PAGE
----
Figure 1. Flower pot Figure 2. Homemade exhibition announcement for show of Lee Godie, a French Impressionist Figure 3. Page of a letter and sketch by Roger Brown Figure 4. Decal by Roger Brown, 1969 Figure 5. Detail, tattoo flash Figure 6. Map of USA drawn on by Roger Brown Figure 7. Envelope and letter to Brown from H.C. Westermann, 1973 Figure 8. Letter to Brown from H.C. Westermann, “IMPEACH NIXON” Figure 9. Excellent ephemera: Tomato Earliest of All, seed package Figure 10. Excellent ephemera: Tip Top Sunset recto Figure 11. Excellent ephemera: Tip Top Sunset verso Figure 12. Excellent ephemera: Alka Selzer ad Figure 13. Excellent ephemera: Bandage package diagram Figure 14. Excellent ephemera: Bickmore Easy-Shave Cream ad Figure 15. Excellent ephemera: Blaren playing card Figure 16. Excellent ephemera: Meyercord Decals Figure 17. Excellent ephemera: Jo Reggelt babies print Figure 18. Excellent ephemera: Card, man with hair Figure 19. Excellent ephemera: HOMERUN cigarettes pack Figure 20. Excellent ephemera: Mendets Figure 21. Excellent ephemera: THE BANG GUN FOR LOTS OF FUN

Named after Roger Brown's parents, the James Gordon and Elizabeth Palmer Brown Archive includes materials from all three of his homes: Brown's sketchbooks, libraries, slides and photographs, personal and professional correspondence, writings about art and life, architectural records, studies and models for large-scale projects, prints and works on paper, phonograph records, video, audio, and cassette tapes, a treasure trove of excellent ephemera, and sundry other materials. Brown's archival materials are augmented by a gift of the documentation of Chicago Imagist Artists from the Phyllis Kind Gallery.  (You can click here to view some highlights from the archive).

Brown clearly knew the value of an artist's papers, and he saved a broad range of documents, both personal and professional, including multiple drafts and/or copies of many items. His habit of saving all manner of correspondences may also relate to his extensive research into his family's genealogy, which engaged him from the early 1970s until 1997. This project must have reinforced the importance of saving and organizing documents and records, with every new discovery about his family history.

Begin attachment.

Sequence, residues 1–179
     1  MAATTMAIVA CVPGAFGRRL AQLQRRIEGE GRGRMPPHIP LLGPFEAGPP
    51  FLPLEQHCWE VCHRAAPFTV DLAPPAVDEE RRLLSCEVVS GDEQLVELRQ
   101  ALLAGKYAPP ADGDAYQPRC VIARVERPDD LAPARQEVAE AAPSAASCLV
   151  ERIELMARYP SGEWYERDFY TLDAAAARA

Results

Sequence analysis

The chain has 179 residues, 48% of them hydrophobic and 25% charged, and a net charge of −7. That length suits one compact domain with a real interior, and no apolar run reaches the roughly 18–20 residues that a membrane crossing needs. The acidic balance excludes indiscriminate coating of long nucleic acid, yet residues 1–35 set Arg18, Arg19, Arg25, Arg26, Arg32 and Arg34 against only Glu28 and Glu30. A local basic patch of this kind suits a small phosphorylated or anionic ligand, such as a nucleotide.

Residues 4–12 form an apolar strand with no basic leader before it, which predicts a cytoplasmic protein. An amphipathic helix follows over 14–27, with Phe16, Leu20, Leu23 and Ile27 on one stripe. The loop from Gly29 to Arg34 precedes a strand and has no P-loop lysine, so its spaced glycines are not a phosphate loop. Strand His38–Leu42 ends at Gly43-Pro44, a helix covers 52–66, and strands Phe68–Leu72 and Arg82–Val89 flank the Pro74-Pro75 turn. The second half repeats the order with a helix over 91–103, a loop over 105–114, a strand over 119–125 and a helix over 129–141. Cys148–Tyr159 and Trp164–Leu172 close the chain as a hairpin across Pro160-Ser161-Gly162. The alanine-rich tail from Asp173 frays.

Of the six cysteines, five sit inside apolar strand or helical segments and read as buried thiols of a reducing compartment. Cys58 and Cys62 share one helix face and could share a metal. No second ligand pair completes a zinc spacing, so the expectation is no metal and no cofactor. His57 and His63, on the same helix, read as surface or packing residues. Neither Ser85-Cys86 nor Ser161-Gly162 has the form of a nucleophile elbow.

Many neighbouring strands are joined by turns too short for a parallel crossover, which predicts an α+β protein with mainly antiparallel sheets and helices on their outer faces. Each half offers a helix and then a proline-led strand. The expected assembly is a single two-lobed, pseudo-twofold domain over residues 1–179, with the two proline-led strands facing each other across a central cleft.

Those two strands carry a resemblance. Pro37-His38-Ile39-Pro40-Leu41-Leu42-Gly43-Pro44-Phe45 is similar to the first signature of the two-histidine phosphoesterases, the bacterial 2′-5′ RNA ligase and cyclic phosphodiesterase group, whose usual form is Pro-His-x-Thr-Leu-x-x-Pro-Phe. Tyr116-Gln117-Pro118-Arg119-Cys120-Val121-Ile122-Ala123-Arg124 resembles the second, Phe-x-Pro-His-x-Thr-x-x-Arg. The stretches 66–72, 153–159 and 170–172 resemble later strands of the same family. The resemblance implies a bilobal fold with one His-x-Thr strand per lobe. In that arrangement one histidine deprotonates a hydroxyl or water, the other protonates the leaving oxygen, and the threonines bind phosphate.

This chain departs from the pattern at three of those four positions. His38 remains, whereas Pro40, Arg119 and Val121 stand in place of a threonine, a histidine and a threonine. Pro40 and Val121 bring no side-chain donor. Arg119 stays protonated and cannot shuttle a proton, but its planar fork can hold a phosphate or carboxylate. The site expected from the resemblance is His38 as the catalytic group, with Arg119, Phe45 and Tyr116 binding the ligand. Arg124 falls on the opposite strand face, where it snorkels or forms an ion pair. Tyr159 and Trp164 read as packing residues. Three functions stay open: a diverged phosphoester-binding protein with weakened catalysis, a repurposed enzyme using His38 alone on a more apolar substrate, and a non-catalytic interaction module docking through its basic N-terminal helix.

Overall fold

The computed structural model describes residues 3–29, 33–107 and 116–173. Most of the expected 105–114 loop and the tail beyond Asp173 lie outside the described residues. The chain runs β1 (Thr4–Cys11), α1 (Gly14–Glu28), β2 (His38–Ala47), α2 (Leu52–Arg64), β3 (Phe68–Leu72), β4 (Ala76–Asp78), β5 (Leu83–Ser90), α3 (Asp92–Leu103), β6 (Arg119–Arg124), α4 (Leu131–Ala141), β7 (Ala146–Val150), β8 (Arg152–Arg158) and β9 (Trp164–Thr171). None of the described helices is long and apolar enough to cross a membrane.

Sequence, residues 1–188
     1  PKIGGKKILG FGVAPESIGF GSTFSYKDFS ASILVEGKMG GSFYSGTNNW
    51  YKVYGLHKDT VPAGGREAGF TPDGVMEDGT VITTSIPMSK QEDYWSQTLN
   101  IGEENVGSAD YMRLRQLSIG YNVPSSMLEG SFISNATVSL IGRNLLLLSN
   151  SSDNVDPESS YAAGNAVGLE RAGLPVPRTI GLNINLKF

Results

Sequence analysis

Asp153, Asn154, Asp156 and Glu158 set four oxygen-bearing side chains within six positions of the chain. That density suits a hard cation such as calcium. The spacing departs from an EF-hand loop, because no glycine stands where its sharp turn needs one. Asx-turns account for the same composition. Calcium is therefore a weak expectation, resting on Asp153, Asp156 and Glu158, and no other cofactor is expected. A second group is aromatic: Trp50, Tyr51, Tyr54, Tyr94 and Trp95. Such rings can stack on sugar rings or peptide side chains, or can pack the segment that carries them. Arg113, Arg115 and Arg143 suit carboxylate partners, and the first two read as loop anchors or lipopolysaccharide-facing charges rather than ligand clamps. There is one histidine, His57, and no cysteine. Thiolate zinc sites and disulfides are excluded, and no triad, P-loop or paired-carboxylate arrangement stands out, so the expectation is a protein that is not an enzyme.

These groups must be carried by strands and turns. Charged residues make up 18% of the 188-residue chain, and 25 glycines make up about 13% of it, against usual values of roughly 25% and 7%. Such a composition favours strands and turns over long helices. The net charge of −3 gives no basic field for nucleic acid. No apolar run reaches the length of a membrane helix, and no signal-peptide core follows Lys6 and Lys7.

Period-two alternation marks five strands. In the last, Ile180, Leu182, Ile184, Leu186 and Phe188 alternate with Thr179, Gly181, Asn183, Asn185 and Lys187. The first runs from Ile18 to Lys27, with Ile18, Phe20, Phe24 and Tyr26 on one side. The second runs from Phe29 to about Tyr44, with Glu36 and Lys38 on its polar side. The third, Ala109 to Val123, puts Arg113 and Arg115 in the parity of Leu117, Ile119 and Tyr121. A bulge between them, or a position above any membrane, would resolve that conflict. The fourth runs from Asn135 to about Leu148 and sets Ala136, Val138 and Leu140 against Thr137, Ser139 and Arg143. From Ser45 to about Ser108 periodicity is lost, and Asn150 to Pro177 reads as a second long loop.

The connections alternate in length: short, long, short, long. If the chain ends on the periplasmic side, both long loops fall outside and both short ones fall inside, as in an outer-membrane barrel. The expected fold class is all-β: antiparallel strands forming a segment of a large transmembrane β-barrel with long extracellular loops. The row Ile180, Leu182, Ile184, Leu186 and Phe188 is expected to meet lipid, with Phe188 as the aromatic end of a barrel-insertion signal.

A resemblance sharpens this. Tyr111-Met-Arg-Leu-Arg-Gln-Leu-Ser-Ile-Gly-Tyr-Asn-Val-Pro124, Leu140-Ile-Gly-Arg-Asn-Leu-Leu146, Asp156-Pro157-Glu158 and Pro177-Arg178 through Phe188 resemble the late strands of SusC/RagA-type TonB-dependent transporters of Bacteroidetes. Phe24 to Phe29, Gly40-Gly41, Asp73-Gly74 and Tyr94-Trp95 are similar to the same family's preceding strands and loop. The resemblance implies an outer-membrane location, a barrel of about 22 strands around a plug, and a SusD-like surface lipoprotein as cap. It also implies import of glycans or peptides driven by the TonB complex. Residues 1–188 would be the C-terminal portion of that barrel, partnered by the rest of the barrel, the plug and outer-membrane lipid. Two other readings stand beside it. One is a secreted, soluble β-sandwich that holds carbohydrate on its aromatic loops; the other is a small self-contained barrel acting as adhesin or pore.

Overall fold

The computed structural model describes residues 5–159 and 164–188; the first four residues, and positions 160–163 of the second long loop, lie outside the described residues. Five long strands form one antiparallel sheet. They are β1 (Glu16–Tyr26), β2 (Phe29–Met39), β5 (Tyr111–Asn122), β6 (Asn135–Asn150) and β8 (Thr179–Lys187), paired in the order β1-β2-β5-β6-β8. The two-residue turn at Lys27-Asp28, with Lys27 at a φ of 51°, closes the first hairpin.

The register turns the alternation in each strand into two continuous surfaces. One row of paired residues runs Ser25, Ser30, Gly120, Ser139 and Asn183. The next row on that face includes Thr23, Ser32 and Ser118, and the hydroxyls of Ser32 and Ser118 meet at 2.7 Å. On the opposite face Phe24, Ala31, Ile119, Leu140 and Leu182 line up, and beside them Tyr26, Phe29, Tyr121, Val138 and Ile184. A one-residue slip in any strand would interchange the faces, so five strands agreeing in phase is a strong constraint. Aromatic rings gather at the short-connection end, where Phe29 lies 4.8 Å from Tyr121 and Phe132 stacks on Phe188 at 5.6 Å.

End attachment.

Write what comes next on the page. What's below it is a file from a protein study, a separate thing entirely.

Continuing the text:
In 2005 the Roger Brown Study Collection (RBSC) received a grant from the Historic Artists' Homes and Studios Program of the National Trust for Historic Preservation for an archive organization project, addressing materials which were, at the time, in a rough-sort state, largely inaccessible, and in need of organization and rehousing. This project enabled us to provide access to a broad range of research materials to the School of the Art Institute of Chicago community, scholars, and the public. We continue to organize materials for access.

Materials in the archive reveal dimensions of Brown's life that can be found in life's "paper trail." In the archive we glean a keen awareness for how the fabric of an artist's life is recorded and preserved through materials that vary from "strictly business," to deeply personal items. The archive reveals how integrally the physical evidence of Brown's personal and professional life reflected his philosophy and was expressed in his work, often in surprising and unexpected ways.

The archive is accessible by appointment (based on staff availability). Please contact us at rbsc@saic.edu.